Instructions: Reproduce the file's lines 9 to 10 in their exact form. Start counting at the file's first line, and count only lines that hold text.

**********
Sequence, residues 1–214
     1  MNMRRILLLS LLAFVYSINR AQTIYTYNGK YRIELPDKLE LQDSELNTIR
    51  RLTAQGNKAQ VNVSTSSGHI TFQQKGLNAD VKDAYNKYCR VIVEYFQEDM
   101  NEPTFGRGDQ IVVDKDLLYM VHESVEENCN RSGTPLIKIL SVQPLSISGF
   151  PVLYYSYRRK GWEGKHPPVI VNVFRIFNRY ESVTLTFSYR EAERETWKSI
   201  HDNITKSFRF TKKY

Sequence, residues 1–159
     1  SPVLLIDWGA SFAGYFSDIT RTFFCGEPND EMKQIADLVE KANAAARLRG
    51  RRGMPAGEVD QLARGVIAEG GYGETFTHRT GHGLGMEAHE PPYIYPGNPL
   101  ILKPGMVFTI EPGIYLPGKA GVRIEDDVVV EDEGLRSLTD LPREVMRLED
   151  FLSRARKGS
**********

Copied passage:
    51  RRGMPAGEVD QLARGVIAEG GYGETFTHRT GHGLGMEAHE PPYIYPGNPL
   101  ILKPGMVFTI EPGIYLPGKA GVRIEDDVVV EDEGLRSLTD LPREVMRLED